Early in 1973 several prisoners at Somers began efforts to organize a prisoners' union.2 The plaintiff Paka wrote to the defendant Robinson, the warden at Somers, asking his position on the proposed union. On July 11, 1973, Warden Robinson wrote in reply that the request was vague and that he needed more information in order to fully evaluate the proposal. During the spring and summer of 1973, when the plaintiffs and others were soliciting support for the union among prisoners at Somers, the defendants and their agents attempted to discourage and prevent the formation of the union. In July 1973 the plaintiff Paka was found in possession of a stencil dealing with the formation of the union. The stencil was confiscated as contraband, and Paka was placed in administrative segregation. Somers officials dealt in a similar manner with Jerry Lee Rosignol, another prisoner who was found in possession of a stencil relating to the union. Also during July 1973, the plaintiff Cofone was placed in the segregation unit for allegedly making statements to other prisoners concerning efforts to organize the union. In subsequent months, prison officials confiscated papers relating to the prisoners' union which were in the possession of other prisoners. In October 1973, Assistant Warden Cybulski told the plaintiff Cofone that permission would not be given for the formation of the union.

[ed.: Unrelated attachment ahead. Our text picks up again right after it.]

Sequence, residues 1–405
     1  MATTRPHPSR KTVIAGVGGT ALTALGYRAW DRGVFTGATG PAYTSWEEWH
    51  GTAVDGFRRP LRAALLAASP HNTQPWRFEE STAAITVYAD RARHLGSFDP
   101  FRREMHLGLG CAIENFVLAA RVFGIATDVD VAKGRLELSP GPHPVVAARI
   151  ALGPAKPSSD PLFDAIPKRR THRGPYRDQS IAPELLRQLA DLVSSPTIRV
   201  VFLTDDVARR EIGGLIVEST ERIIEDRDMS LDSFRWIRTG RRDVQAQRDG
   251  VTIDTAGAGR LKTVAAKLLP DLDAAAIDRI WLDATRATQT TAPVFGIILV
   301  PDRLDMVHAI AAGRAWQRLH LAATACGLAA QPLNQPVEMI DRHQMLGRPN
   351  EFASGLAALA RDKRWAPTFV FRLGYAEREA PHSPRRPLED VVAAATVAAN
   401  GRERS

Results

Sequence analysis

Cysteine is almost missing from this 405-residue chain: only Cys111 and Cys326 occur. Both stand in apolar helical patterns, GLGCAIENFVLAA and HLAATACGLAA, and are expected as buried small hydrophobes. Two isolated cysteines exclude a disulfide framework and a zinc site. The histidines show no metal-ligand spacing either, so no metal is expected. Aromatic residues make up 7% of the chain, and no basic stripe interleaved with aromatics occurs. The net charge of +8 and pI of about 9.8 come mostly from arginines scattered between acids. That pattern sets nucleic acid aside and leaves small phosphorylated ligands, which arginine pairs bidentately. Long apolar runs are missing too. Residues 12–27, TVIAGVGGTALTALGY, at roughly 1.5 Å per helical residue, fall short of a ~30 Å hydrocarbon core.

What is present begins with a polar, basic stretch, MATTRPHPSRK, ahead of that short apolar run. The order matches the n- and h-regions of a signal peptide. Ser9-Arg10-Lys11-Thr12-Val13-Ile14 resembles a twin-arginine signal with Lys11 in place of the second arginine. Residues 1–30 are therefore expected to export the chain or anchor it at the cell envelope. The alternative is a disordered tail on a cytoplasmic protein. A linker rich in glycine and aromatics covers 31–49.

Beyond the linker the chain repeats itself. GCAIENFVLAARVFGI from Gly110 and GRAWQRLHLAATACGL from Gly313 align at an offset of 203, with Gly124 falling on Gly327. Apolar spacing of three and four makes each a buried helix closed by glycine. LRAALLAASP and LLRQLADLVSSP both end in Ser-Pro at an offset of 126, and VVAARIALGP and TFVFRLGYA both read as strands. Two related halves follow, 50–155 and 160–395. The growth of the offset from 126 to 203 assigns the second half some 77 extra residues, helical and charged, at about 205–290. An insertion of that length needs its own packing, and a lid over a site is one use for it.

B. The Transfer of Plaintiff Paka

The testimony at the hearing indicated that in July 1973, when the plaintiff Paka was put in administrative segregation following confiscation of the contraband stencil, Somers personnel found in his cell a copy of a letter addressed to the local NAACP office. The letter purported to describe a fictional incident on July 4, 1973, in which black inmates at Somers "were attacked and locked up like caged animals for wearing their hair in braids and for reading black poetry." The copy of the letter was discovered on July 3, 1973. Warden Robinson, fearful that Paka would provoke the imagined incident, kept Paka in administrative segregation for several months. On October 19, 1973, following a hearing, Paka was transferred to the Community Correctional Institution at Montville, Connecticut. Paka individually seeks an injunctive order requiring the defendants to return him to the general prison population at Somers.